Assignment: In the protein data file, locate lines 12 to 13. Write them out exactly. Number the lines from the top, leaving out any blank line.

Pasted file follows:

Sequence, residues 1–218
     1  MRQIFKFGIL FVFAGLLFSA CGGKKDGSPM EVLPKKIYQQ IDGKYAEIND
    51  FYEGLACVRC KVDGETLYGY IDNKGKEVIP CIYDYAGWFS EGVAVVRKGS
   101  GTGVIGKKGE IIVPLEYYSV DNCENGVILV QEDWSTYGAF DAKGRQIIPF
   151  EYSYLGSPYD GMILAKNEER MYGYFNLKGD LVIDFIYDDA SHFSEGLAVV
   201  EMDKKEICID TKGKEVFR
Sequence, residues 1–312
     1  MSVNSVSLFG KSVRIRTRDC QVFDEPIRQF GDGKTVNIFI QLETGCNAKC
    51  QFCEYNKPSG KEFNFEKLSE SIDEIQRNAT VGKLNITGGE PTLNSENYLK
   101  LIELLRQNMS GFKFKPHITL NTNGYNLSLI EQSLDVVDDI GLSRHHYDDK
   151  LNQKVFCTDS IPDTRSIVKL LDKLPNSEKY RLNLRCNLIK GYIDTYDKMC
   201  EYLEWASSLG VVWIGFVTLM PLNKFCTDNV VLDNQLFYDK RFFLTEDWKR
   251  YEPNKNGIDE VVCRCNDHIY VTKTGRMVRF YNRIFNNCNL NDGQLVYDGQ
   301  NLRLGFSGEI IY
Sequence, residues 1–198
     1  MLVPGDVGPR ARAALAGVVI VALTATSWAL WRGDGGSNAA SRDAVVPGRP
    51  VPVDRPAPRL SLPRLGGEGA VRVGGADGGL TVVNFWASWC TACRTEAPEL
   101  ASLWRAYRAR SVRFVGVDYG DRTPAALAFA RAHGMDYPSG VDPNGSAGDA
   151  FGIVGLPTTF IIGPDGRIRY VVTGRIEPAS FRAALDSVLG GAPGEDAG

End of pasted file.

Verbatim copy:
   201  EYLEWASSLG VVWIGFVTLM PLNKFCTDNV VLDNQLFYDK RFFLTEDWKR
   251  YEPNKNGIDE VVCRCNDHIY VTKTGRMVRF YNRIFNNCNL NDGQLVYDGQ